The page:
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State of Lightning: What’s the Path for Network Adoption in 2019?



This is a visualization of the lightning community taken at 22:29 (UTC) on Friday.

Created by way of blockchain analytics startup 1ML, the snapshot represents all the nodes working lightning tool and developing public fee channels atop the bitcoin blockchain.

Looks complicated, proper? And consider it or now not, this community is getting steadily higher on a daily basis in keeping with 1ML.

In the previous 30 days on my own, the choice of lightning fee channels has greater by way of kind of 36 %, bringing to general to kind of 22,000 channels. Active lightning nodes have in a similar fashion shot up – over 16 % in contemporary days – and at the moment sit down at round 5,690 allotted nodes.

Launched in beta last March, the layer-2 bills era is actively maintained and advanced by way of over six other building groups unfold out around the globe.

These come with Eclair by way of Acinq, Lightning Network Daemon (LND) by way of Lightning Labs, c-lightning by way of Blockstream, ptarmigan by way of Nayuta, Rust-Lightning by way of Matt Corallo and Lit by way of MIT’s Digital Currency Initiative (DCI).

And even outdoor of those six, Pierre-Marie Padiou, co-founder and CEO of Acinq, predicts there are part a dozen extra out “in the wild.”

Highlighting that the codebase to construct lightning purchasers is open-source and to be had to any individual “without asking permission,” Padiou added {that a} record of 30 some-odd enhancements to the community have been agreed upon by way of builders throughout a summit in Adelaide, Australia November of closing yr.

“Now, after the summit, the work will continue to formalize the decisions taken during the summit, and implement them in the clients so that they can be deployed,” defined Christian Decker – core tech engineer at Blockstream – in a former interview with CoinDesk.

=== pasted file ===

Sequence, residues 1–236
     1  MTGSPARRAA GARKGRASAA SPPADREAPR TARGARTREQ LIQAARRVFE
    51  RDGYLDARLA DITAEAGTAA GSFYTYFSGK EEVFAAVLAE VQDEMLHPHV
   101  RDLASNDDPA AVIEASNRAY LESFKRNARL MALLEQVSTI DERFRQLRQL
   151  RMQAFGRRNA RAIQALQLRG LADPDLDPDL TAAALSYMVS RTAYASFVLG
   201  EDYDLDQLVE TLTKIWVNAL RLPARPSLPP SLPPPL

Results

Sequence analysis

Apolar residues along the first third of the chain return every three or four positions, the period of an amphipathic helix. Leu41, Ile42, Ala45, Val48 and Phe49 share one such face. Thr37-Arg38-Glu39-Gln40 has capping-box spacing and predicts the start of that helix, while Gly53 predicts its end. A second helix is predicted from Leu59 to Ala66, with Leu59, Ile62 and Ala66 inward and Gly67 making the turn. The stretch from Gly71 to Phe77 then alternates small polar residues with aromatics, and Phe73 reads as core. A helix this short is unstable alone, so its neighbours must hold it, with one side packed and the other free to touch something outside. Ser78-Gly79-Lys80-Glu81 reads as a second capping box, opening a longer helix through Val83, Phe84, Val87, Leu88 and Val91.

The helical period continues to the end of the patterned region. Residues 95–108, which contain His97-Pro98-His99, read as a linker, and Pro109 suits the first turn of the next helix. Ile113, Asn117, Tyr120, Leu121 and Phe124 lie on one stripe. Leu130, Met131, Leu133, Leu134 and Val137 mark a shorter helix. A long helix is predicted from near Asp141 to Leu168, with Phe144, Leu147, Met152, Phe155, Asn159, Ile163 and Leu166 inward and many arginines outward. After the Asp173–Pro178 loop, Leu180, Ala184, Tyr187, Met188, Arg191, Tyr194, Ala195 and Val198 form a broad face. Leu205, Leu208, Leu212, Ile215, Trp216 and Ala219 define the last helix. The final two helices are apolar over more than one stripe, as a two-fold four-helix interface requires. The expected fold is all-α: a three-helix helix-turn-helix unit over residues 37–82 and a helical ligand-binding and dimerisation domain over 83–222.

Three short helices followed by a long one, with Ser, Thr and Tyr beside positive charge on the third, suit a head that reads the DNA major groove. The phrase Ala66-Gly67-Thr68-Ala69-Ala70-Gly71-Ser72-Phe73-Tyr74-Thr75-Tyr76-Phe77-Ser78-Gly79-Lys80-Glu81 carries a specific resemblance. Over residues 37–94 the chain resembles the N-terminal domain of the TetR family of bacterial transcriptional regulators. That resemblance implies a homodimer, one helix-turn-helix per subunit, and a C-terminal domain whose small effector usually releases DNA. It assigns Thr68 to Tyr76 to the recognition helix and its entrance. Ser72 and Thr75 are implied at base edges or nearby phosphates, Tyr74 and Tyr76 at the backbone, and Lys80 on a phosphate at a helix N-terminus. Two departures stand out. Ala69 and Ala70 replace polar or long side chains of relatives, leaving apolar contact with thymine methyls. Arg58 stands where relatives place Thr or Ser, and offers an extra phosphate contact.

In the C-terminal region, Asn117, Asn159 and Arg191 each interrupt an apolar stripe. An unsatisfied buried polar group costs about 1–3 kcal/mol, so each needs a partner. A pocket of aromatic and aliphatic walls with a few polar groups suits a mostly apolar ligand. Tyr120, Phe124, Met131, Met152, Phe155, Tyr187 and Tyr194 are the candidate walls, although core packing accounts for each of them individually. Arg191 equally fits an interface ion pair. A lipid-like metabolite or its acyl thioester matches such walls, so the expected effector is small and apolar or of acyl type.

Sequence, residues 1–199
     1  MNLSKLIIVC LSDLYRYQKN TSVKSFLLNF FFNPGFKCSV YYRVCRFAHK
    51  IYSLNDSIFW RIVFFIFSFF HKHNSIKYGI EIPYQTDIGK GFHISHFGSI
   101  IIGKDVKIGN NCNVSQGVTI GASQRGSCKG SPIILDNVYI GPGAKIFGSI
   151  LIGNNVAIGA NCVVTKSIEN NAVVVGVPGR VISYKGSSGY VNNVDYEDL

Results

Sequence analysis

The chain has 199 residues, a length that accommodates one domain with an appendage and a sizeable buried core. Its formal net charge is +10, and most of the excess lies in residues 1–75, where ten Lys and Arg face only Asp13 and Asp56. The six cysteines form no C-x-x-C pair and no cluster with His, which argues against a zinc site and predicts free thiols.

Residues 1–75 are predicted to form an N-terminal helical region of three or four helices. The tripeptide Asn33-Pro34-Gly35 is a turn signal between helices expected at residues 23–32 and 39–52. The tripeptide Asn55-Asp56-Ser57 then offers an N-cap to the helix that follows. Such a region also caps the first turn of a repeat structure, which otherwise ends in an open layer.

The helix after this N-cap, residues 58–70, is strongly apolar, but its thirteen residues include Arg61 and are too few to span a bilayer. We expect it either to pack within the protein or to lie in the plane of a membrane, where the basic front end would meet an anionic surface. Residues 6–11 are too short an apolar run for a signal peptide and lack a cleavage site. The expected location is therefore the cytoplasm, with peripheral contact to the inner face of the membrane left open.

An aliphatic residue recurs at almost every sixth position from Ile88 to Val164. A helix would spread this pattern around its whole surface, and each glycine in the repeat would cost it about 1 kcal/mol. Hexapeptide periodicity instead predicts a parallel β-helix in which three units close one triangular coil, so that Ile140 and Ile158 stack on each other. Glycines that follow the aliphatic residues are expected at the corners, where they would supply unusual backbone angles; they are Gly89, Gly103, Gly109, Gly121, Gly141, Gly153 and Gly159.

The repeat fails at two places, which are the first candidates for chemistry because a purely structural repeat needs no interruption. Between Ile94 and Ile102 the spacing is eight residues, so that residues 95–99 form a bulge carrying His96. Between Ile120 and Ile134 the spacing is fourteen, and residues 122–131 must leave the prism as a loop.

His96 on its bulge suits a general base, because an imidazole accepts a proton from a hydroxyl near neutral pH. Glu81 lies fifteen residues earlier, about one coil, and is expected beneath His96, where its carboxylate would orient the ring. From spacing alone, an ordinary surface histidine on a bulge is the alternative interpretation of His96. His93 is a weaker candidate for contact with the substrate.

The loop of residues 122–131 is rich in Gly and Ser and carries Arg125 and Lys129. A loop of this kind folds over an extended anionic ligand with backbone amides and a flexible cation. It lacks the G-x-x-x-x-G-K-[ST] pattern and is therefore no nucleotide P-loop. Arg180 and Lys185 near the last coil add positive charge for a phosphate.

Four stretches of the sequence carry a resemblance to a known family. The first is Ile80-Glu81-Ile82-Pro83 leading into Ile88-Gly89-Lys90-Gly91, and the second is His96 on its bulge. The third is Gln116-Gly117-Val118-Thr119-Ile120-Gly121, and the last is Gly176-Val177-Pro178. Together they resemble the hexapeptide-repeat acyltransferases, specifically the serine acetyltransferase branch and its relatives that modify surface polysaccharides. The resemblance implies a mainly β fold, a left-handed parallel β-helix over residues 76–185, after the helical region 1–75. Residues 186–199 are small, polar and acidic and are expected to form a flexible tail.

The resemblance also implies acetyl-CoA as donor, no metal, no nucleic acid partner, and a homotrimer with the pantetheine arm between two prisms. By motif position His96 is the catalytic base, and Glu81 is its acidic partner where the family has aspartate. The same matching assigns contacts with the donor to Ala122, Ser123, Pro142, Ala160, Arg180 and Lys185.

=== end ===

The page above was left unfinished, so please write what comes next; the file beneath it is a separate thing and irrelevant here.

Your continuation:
Since November, one characteristic has already been launched by way of CTO of Lightning Labs Olaoluwa Osuntokun enabling “the ability to send a payment to a destination without first needing to have an invoice,” as detailed on GitHub.

Explaining that every shopper workforce “has their own favorite features,” Decker added that extra adjustments to the community can be launched in “incremental” steps rising piecemeal over coming weeks and months.

As such, lightning builders are constructive concerning the endured luck of the lightning community, anticipating expansion traits noticed in 2018 to proceed to upward thrust in 2019.

Speaking to CoinDesk, Padiou highlighted:

“We have been seeing tremendous activity during the past few months and are confident that this trend is going to amplify in 2019.”

Looking forward

According to blockchain analytics web site, the volume of bitcoin despatched via lightning channels since closing June has skyrocketed from not up to 25 BTC to 578 BTC.

State of the lightning community on bitcoin mainnet. Source: 

Speaking to bigger adoption figures in 2019, Decker advised CoinDesk that the important thing in the back of growing “a very active and engaged community … building and improving lightning” would come all the way down to its endured doable to “change how we do payments in the future.”

Indeed, the principle use case of the lightning community as described at the authentic webpage is “lighting-fast blockchain payments without worrying about block confirmation times.”